Book Cover Image:
Image Credit: Campbell County Public Library. (2015) http://www.ccpls.org.
The friendship between Maddie and Julie begins when they meet as enlisted girls in the Women’s Auxiliary Air Force in 1939, at the beginning of Great Britain’s involvement in World War II. It ends on a riverbank in occupied France in 1943. The story of the relationship that builds in between these times is revealed, scrap by scrap, by Julie, who writes on pieces of paper she earns by trading bits of British radio code with her Nazi captors. Just before Julie – also known as Verity, Katharina, Eva, and Queenie — is captured, the plane she and Maddie are flying crashes in Nazi-occupied France. Julie, under threat of torture and execution, gradually reveals British code and landing strip locations to the Gestapo, in exchange for her life and the ink and paper she holds dear. Her rambling story of her friendship with Maddie, interspersed with almost casual descriptions of her suffering at the hands of the Nazis, builds the first half of the novel. In the second half, the story is narrated by Maddie, who fills in details of how Julie came to be in France in the first place, tells of attempts to rescue her, and gives the reader the final, gut-wrenching conclusion.
APA Reference of Book:
In a good mystery novel, the ending shocks the reader, tears down all the inferences previously constructed, and yet concludes the story in a way that perfectly solves the puzzle. This description perfectly captures my reaction at the end of Code Name Verity. So many loose ends are suddenly, shockingly, tied up in Maddie’s portion of the novel, and the final conclusion, though terribly sad, is also profoundly satisfying. Wein portrays the main characters, Maddie and Julie, precisely by not portraying them: by instead letting the intrigue and mystery of the story carry the reader along just as it does Julie’s inquisitors. Her masterful use of the technique of the unreliable narrator leaves the reader wondering what parts of Julie’s writings are truth, and what parts are fabrications; ironically, her code name, Verity, means truth. Usually I can figure out a mystery novel halfway through, and then continue to read just to see if my conclusion is correct. Not so in Code Name Verity: I did not foresee the final ending until I read it, sobbing the entire time. Code Name Verity is more than a mystery novel: it is at once a mystery, a spy novel, and a brilliant example of historical fiction. This is a perspective of World War II not often seen in Young Adult novels; interestingly, the Nazi interrogators, though brutal, retain human qualities in Wein’s hands. Ultimately, though, this is a story of love and friendship despite horrible circumstances, in the face of pure evil. One friend sacrifices her life for the other; the other returns the favor by sacrificing her innocence.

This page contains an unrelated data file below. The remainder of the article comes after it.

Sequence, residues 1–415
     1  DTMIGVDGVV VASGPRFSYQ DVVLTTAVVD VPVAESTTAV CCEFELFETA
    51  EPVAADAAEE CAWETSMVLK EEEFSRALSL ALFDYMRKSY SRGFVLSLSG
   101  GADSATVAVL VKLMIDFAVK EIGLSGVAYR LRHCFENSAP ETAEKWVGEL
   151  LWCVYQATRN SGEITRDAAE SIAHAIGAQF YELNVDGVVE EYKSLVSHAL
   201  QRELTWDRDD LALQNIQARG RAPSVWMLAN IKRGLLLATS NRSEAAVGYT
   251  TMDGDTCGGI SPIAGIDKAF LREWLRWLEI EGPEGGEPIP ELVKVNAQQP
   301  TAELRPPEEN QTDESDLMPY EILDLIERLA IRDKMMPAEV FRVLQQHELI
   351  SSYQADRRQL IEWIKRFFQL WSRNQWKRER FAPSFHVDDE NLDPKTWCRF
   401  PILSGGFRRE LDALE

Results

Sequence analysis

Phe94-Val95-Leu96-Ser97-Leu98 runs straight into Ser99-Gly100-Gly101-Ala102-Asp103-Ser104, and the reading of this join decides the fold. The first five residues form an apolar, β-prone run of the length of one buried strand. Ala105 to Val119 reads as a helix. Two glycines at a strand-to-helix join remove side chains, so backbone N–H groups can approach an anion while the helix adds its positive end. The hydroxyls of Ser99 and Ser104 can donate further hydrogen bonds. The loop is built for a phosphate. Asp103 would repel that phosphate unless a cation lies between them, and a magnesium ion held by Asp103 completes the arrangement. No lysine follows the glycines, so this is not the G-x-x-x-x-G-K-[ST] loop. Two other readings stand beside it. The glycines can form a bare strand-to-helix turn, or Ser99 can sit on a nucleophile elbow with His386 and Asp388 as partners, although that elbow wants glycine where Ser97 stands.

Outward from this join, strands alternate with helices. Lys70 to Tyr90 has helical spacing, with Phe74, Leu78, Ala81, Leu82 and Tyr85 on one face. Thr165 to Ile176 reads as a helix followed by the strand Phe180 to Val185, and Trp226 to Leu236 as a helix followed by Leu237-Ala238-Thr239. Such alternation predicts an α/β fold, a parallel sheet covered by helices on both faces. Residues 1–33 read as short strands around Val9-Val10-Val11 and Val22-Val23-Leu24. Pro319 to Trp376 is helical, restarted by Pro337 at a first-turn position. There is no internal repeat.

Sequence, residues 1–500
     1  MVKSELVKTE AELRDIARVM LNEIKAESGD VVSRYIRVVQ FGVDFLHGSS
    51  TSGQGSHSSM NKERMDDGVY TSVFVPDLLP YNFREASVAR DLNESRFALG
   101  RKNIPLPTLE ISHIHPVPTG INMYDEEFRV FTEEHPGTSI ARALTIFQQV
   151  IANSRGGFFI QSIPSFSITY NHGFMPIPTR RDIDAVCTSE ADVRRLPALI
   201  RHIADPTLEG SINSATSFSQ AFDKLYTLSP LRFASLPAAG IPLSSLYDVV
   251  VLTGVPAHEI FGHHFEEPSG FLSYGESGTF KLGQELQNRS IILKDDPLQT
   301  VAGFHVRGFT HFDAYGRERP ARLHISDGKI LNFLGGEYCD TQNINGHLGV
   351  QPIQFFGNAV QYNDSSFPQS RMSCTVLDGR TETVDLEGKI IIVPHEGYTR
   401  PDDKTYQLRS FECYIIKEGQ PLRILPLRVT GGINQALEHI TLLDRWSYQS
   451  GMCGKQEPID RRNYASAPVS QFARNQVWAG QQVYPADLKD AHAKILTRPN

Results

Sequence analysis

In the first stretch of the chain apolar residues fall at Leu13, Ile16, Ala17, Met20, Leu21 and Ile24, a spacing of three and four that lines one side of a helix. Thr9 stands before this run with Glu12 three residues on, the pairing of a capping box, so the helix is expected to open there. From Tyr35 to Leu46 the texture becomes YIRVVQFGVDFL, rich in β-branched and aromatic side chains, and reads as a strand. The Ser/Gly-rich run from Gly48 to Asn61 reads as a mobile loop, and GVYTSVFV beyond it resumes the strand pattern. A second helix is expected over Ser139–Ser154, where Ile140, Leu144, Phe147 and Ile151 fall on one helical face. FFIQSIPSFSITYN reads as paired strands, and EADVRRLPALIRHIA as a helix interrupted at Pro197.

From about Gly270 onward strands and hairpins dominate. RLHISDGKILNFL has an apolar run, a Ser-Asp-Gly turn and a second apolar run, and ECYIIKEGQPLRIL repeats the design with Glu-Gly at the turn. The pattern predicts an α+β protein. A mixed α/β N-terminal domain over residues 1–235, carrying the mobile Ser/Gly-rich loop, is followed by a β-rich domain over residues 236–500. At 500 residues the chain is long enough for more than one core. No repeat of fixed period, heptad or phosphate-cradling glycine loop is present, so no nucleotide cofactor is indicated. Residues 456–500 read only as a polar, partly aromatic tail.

” If you pick up this book, it will be some time before you put your dog-eared, tear-stained copy back down. Wein succeeds on three fronts: historical verisimilitude, gut-wrenching mystery, and a first-person voice of such confidence and flair that the protagonist might become a classic character – if only we knew what to call her. Alternately dubbed Queenie, Eva, Katharina, Verity, or Julie depending on which double-agent operation she’s involved in, she pens her tale as a confession while strapped to a chair and recovering from the latest round of Gestapo torture. The Nazis want the codes that Julie memorized as a wireless operator before crash-landing in France, and she supplies them, but along the way also tells of her fierce friendship with Maddie, a British pilot whose quiet gumption was every bit as impressive as Julie’s brash fearlessness. Though delivered at knifepoint, Julie’s narrative is peppered with dark humor and minor acts of defiance, and the tension that builds up between both past and present story lines is practically unbearable. A surprise change of perspective hammers home the devastating final third of the book, which reveals that Julie was even more courageous than we believed. Both crushingly sad and hugely inspirational, this plausible, unsentimental novel will thoroughly move even the most cynical of readers.”
Create a display about World War II, pairing fiction and nonfiction works. Include Code Name Verity; The Book Thief by Marcus Zusak; Between Shades of Grey by Ruta Sepeyts; and The Boy who Dared by Susan Campbell Bartoletti as examples of fiction. Pair Code Name Verity with an autobiographical nonfiction book about a real female double agent, Code Name Pauline: Memoirs of a World War II Special Agent by Pearl Witherington Cornioley.